Thursday, September 21, 2006

Camping in Colliguay

Originally posted to El Cantar de la Lluvia on Monday, May 15, 2006

As promised, here are the pics of the ride to Colliguay with Ben Kenobi last month. I confess I hadn't published them yet because I was quite bummed out about a ticket I got for running a stop sign at a booby trap outside Curacaví on our way back.

Colliguay is somewhere in the Cordillera de la Costa, north of Curacaví, where we first stopped for essentials at the local supermarket (chorizos, beer, coal, bread, mayo, cheese, water). The bikes were already pretty loaded down (the pic is before we tried to add another 10 kg of shopping onto them) and finding enough room for the groceries was not easy. A beer can was punctured on a sharp corner of Ben's Givi top case, spraying everything. We ended up tying the coal and some beer cans on top of my pack, and set off.

The earth road was good at first, but it deteriorated progressively. Ben was worried about the Transalp's suspension, but I kept telling him that it would be fine.

After a long road, and with an hour of daylight left, we started searching for a camp site. We chose the Rancho Alemán. Cheap, nice, we're staying here!

Upon opening Ben's top case, we found that another beer can had exploded. The vibration and friction had worn through a thin part. A t-shirt absorbed the bulk of the beer, and that was hung out to dry.

We put up the tents, started a fire, hooked up the speakers and iPod, put on "Feels Like Home" by Norah Jones, and began enjoying the tranquility.

Next door, some 5 cyclists had arrived shortly after we did, and since we had a few chorizos left over, I took them over, and chatted for an hour or two. After that I hit the sack.

On the ride to Talca, I forgot my sleeping bag, and I slept in my biking outfit (leather jacket and all), shivering and miserable with a cold. In Siete Tazas, I took a thin sleeping bag but no pijamas, so again I had to sleep fully clothed. Would it be any different this time? No. Even with a thicker sleeping bag and pijamas, I froze. I got up as soon as there was enough light to walk about.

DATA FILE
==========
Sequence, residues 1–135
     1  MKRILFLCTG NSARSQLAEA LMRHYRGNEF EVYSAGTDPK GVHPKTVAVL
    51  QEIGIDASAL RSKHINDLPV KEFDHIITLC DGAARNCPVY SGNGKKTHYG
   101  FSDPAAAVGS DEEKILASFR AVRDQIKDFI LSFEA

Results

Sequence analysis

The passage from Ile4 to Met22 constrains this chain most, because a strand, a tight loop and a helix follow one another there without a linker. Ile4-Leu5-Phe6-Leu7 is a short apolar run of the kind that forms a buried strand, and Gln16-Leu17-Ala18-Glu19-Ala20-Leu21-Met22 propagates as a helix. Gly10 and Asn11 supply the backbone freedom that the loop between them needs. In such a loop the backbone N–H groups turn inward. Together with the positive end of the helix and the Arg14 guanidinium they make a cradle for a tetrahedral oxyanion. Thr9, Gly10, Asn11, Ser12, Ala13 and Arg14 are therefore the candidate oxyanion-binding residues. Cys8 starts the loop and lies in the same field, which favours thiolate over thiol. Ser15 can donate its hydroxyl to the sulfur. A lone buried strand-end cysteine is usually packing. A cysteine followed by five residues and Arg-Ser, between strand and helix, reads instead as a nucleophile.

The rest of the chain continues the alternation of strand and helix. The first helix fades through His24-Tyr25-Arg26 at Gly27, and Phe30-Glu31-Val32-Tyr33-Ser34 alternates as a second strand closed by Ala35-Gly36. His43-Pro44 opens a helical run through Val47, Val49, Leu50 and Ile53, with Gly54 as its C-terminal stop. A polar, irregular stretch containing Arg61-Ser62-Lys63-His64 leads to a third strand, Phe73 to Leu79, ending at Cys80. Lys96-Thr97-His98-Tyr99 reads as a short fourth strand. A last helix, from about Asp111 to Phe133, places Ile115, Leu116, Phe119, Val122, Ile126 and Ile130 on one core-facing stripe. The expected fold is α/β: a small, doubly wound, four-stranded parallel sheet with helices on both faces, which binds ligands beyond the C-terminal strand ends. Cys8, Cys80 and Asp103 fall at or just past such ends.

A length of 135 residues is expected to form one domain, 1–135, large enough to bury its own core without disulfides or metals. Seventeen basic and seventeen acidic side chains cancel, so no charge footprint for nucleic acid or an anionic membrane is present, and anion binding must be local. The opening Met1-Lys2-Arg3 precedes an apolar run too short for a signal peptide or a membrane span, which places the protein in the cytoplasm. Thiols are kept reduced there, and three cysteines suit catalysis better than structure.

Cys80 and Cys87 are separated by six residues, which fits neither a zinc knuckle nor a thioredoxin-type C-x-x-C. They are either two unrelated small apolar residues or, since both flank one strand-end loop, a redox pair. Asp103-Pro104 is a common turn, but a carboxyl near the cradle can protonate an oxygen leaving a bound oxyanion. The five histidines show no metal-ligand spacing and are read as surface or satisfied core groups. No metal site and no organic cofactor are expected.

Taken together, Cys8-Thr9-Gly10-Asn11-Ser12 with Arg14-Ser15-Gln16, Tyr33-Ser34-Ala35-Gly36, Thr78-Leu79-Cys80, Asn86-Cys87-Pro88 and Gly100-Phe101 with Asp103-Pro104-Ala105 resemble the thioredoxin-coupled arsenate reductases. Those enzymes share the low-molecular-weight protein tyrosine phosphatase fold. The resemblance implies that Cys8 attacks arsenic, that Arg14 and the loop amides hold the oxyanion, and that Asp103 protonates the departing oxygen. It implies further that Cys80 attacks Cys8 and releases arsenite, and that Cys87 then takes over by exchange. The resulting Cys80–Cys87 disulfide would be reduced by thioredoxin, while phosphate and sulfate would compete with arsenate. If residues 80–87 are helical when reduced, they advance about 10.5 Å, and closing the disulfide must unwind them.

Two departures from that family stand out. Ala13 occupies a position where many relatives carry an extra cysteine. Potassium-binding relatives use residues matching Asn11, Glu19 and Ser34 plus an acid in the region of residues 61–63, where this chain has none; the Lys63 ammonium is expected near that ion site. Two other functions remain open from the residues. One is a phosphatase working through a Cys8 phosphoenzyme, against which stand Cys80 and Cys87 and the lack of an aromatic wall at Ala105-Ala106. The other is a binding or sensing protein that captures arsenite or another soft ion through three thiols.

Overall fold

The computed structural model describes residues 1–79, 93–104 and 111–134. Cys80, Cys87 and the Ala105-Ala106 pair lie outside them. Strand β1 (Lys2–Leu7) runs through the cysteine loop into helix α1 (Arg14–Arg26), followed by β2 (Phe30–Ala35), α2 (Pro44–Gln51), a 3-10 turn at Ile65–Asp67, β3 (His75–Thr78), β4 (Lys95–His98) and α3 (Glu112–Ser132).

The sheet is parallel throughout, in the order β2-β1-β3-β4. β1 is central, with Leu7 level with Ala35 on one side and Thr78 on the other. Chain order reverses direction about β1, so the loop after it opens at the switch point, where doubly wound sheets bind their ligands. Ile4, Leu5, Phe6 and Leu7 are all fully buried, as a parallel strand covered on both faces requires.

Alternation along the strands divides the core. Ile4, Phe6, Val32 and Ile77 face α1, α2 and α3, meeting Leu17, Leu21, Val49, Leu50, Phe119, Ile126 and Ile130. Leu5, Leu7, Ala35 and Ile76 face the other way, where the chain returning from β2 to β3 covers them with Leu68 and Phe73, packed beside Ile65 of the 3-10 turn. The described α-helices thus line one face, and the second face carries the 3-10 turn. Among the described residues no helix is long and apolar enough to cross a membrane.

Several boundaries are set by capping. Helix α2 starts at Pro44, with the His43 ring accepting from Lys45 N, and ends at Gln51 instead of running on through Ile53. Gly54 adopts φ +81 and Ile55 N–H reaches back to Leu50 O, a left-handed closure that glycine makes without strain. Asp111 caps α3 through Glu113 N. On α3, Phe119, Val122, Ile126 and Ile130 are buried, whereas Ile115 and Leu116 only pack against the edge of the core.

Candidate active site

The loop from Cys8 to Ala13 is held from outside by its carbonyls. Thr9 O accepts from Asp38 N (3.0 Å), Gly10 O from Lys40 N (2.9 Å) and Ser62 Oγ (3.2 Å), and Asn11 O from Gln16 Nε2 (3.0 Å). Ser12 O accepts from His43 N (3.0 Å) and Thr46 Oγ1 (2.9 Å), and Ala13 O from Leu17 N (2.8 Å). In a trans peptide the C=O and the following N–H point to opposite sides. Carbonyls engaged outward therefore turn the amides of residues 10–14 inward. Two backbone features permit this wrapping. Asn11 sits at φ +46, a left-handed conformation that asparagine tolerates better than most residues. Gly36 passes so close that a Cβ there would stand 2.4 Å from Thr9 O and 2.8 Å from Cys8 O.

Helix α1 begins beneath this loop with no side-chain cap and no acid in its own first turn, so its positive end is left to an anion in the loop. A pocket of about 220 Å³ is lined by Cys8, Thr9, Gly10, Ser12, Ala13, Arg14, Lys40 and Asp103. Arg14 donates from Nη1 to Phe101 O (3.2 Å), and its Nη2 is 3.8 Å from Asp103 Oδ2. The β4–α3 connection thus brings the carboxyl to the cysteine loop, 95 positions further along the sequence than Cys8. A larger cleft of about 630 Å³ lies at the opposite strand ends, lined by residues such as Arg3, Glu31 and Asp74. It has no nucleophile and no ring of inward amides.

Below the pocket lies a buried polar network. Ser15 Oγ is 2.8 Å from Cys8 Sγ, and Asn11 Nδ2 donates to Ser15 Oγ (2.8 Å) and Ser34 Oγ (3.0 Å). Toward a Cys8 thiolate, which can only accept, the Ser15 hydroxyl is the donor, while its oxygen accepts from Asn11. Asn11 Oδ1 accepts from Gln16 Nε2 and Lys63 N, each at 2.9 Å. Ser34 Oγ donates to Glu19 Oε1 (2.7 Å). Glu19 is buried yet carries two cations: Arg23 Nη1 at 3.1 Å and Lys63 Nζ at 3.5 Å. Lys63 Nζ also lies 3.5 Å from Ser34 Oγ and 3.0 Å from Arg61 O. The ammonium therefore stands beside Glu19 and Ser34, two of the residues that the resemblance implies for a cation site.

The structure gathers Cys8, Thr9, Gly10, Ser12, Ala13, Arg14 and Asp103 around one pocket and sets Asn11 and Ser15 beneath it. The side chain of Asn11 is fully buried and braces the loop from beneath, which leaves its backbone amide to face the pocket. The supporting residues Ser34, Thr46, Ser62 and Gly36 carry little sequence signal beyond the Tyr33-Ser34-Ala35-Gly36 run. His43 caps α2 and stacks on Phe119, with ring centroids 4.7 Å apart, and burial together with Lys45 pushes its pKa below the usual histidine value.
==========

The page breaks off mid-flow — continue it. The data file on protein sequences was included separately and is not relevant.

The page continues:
I gathered some twigs and made a fire to toast some bread and boil some water for tea. I had a look at the bike, and it was covered in frost!

The cold I felt was certainly not imaginary, after all.

After breakfast, we spoke to the owner, and he recommended two rides, both set off from the main road and led to mines, one iron, the other quartz. We were'nt able to get to the quartz mine, since the Transalp wouldn't fit past the gap at the side of the gate.

We carried on up towards the iron mine, and that was good and dusty.

The colours were amazing. Blue sky, red-orange rock...

We came down, and found somewhere for lunch, with tables under a grape vine and a tree-climbing chicken. Yes, you read that right.

We went back to the camp, and packed the bags. We took a different route back.

Unfortunately the Transalp was tail-heavy and going a bit too fast, and on one of the curves, the front wheel lost traction, and went down. Ben was unhurt, but the plastic shroud on the right side was cracked. Bummer.

On our way home, leaving a Copec petrol station on the Ruta 68, a cop stopped me for not having come to a complete standstill at a stop sign. Whatever it takes for the visitor to feel at home in Curacaví, right?

The moon rode along with us after dark.

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